The Dying Business of the ‘Maître d’Hotel’’


(This is a short translated version of a blog article that I read recently in French)

There was a time…, under the old regime…, there was a person responsible for the King’s table, who in using a red stick, orchestrated masterfully the ordering of supplies, and the preparation and service of the king’s food. He was the first steward of the King (Maïtre d’Hotel). However, the first recorded records of a Butler were around 1655, where this name was given to Karl Fritz by Fouquet…
In 1890, Frederic Delair reopens a mythical place of Paris called “La Tour D’Argent” and he invented the “Duck Tour d’Argent,” which is still celebrated today, as each piece is numbered. At present, it is the only preparation room that combines the technique of cooking know-how and gestures of the butler. There is even an Association of Masters Canardiers in Normandy that has a room dedicated to holding contests dedicated just to that.
Then in the 30’s at Maxim’s restaurant, the room returns to the spotlight with the pepper steak, implemented by Master Albert blazing it with Cognac before finishing with hot sauce in front of customers attracted by the show.
In 1947, Claude Terrail, who just succeeded his father as the ‘Director of the Room’ at the Tour d’Argent, because he was picky at taking care of details from the choice of the floor plan to the service wares on the table. Guaranteeing tradition, he also included the “Menu without prices” for the ladies…
In the 50s, after a prestigious career, René Lasserre started in his establishment, the most festive galas and other parties that will mark many memories using the cleanup crew (broom people) and the butlers. To the amaze of all of Paris and the International Jet Set, specific techniques of caring for the dining room were put into motion while the guests were still present and finishing their evening.
In 1953, Raymond Oliver created a cultural revolution with the first television show dedicated to the kitchen as an important milestone for the art of cooking invited into homes throughout France.
At that time, the cook is in the shadows, paid less than the dining room, creating a well-known inequality that will result in a growing gap between these two jobs very complementary: Therefore, ‘ Sparks starts to Fly’!
About now, the Grand Chefs will push the swinging doors of the dining room, thus passing from darkness to light. Customers will then from start coming to a restaurant by choosing a kitchen and a renowned chef (this becomes a contemporary way to display their social status which is still the case today). The food guides that contributed to the print media and television have only to support this new phenomenon with their articles. The director of a famous “Red Guide” also made the statement that for the star ratings “only the head of the dinning floor and the kitchen were to be taken into account”. I would still ask that customers refer to this precious document, asking themselves if they should exclude the reception table, decor, service, atmosphere … and let only the plate in front of him and its content determines their choice!…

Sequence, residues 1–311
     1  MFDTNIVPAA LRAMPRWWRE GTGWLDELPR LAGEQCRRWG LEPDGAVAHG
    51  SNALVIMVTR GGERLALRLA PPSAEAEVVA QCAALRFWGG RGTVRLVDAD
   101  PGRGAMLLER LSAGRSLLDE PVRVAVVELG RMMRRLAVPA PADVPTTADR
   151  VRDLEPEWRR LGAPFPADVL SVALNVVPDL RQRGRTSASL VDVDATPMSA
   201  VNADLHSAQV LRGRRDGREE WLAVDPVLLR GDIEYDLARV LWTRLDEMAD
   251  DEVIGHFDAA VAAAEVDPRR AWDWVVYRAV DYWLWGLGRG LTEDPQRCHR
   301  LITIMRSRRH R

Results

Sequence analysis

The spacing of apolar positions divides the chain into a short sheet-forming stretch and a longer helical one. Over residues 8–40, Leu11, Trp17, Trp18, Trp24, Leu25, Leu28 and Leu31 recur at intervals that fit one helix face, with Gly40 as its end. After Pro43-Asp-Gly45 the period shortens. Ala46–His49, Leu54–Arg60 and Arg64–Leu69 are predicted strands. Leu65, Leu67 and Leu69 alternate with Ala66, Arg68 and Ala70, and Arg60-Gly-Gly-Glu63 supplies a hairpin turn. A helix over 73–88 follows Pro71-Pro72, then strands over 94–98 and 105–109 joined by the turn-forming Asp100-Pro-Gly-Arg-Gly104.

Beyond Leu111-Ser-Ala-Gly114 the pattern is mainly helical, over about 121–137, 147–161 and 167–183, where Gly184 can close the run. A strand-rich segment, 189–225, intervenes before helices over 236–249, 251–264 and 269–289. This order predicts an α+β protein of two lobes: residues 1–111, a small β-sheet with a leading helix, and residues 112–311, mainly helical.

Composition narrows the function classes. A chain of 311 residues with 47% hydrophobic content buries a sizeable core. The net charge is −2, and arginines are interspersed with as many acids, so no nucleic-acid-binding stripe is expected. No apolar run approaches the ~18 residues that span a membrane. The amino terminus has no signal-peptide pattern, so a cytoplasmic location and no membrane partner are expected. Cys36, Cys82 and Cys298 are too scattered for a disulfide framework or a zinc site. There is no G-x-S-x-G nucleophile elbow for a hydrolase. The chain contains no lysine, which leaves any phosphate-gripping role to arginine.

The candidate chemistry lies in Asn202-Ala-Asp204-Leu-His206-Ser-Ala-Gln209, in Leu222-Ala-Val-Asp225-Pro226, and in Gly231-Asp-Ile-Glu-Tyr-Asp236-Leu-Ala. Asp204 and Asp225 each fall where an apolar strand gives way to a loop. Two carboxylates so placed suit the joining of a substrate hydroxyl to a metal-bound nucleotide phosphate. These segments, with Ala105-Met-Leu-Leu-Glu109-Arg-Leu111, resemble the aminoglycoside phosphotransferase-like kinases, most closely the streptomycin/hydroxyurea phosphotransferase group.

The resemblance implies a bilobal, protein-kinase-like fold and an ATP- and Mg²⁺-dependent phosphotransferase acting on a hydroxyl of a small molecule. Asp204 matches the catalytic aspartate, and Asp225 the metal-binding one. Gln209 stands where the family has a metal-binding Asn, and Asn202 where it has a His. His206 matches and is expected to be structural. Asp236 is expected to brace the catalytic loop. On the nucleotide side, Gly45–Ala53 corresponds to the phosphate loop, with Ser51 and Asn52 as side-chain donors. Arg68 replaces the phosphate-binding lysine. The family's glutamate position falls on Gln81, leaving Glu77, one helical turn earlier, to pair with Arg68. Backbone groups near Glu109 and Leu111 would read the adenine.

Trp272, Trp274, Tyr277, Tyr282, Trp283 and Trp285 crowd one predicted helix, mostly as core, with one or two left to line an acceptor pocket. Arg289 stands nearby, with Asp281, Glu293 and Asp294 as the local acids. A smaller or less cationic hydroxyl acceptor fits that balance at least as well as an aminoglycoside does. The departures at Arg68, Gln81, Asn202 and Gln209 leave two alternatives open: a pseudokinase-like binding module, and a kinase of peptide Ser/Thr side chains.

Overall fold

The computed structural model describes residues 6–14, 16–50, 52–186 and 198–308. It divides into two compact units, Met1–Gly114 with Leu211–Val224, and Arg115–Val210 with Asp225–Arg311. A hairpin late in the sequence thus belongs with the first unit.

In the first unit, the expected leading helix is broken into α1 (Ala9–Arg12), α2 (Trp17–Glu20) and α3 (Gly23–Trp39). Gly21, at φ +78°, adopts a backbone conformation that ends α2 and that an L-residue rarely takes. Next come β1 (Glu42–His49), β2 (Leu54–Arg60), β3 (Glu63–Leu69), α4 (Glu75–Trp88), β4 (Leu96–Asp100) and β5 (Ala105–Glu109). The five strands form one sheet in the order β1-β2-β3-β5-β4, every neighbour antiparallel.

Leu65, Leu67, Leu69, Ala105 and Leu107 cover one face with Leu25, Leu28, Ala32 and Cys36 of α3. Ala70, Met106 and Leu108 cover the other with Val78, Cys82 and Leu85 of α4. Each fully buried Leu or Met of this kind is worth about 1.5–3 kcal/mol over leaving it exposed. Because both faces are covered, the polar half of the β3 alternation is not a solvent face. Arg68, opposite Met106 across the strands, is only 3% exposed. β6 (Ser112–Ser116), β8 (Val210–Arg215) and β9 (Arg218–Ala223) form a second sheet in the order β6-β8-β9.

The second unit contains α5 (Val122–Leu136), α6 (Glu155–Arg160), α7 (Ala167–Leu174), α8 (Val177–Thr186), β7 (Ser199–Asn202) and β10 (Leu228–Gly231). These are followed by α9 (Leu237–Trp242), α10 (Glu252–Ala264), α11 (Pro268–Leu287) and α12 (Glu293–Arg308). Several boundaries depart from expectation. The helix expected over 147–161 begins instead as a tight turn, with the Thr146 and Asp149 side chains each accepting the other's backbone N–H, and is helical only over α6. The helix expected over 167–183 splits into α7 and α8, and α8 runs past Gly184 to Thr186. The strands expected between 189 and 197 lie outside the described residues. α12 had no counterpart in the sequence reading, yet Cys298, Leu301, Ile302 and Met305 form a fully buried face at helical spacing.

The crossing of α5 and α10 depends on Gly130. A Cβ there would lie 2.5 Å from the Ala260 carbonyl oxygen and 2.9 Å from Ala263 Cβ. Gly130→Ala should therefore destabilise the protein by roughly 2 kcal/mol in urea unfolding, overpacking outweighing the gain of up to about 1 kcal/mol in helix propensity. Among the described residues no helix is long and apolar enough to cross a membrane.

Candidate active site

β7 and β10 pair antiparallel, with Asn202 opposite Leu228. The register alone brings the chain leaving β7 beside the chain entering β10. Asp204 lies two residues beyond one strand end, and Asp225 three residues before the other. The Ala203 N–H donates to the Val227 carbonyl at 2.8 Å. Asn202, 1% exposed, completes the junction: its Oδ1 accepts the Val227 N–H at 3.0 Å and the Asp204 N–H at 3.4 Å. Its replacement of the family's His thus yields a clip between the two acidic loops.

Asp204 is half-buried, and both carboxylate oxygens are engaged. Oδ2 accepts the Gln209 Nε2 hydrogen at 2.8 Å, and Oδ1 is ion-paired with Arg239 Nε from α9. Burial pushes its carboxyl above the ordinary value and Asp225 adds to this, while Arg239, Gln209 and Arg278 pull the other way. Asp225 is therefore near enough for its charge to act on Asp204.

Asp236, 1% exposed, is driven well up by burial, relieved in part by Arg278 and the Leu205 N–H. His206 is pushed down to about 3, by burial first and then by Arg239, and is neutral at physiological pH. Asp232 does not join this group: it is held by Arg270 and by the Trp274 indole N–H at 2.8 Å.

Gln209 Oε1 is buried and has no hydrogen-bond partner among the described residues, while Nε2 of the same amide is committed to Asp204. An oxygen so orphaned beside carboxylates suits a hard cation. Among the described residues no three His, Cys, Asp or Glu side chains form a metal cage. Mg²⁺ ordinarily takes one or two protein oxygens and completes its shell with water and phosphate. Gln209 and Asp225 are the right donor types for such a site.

…The “best” world cuisine cannot be had, if it is not highlighted by a great professional room, especially if an institution cannot afford the expertise of a sommelier. It is still the head waiter, by the various strings that must be played by him which set the mood of the service.
Today, the “Masters of brooms” or Head Waiters are called Madame Loiseau (Relais Bernard Loiseau), Cathy Klein (The Arnsbourg), François Pipal (Paul Bocuse), Denis Courtiade (Plaza Athénée), Wilfried Morandini (Meurice), Michel and Ms. Daniele (Auberge de l’Ill), etc.: I am afraid of forgetting they are so numerous and equally prestigious!

What lessons should we learn from this?

Generations of young people today, “zappers” in addition, want their “fifteen minutes of fame”. They want the world to know the evolution of their daily lives. Lives which appears and is exposed through the Internet, an opportunity too good not to take advantage of!
But it is regrettable that in their current career choices, young people trying to move more from the apron to the hat, are thinking for sure, that maybe they are able to pass a day on TV, at the expense of the suit and tie!… This is alarming, because after conversations with renowned Directors from different regions of France, the essential information resulting is that it has become difficult to recruit a Head Waiter with all the qualities and technical criteria needed.
It seems to me nonetheless important to remember that young people who are well trained in French Hotelier by teachers passionate and confident, should be able to transmit that same passion… In addition, the stewards, but also the greatest bartenders and waiters are all from solid backgrounds in the restaurant industry followed by an extensive field experience.

Yes, if the cook is a director, the fact remains that the butler is the director and the performer.
In conclusion, despite my overflowing passion, I hope I have not offended anyone with my remarks that are intended first and foremost to defend a noble profession that should not be forgotten.

MILLET THIERRY
M.O.F. 2011
Butler service and Tableware

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